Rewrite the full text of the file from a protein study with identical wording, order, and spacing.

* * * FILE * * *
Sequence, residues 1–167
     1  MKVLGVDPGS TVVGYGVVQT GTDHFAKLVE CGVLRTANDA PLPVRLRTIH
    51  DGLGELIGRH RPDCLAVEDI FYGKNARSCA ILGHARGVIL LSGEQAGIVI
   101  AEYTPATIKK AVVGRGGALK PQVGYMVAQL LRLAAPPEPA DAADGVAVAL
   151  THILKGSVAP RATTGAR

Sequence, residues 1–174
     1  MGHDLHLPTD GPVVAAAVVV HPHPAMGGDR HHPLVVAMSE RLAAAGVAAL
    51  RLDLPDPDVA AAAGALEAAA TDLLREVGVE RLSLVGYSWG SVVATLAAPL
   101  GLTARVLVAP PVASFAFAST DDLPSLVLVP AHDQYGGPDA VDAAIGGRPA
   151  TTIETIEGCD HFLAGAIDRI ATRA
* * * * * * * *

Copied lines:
Sequence, residues 1–167
     1  MKVLGVDPGS TVVGYGVVQT GTDHFAKLVE CGVLRTANDA PLPVRLRTIH
    51  DGLGELIGRH RPDCLAVEDI FYGKNARSCA ILGHARGVIL LSGEQAGIVI
   101  AEYTPATIKK AVVGRGGALK PQVGYMVAQL LRLAAPPEPA DAADGVAVAL
   151  THILKGSVAP RATTGAR

Sequence, residues 1–174
     1  MGHDLHLPTD GPVVAAAVVV HPHPAMGGDR HHPLVVAMSE RLAAAGVAAL
    51  RLDLPDPDVA AAAGALEAAA TDLLREVGVE RLSLVGYSWG SVVATLAAPL
   101  GLTARVLVAP PVASFAFAST DDLPSLVLVP AHDQYGGPDA VDAAIGGRPA
   151  TTIETIEGCD HFLAGAIDRI ATRA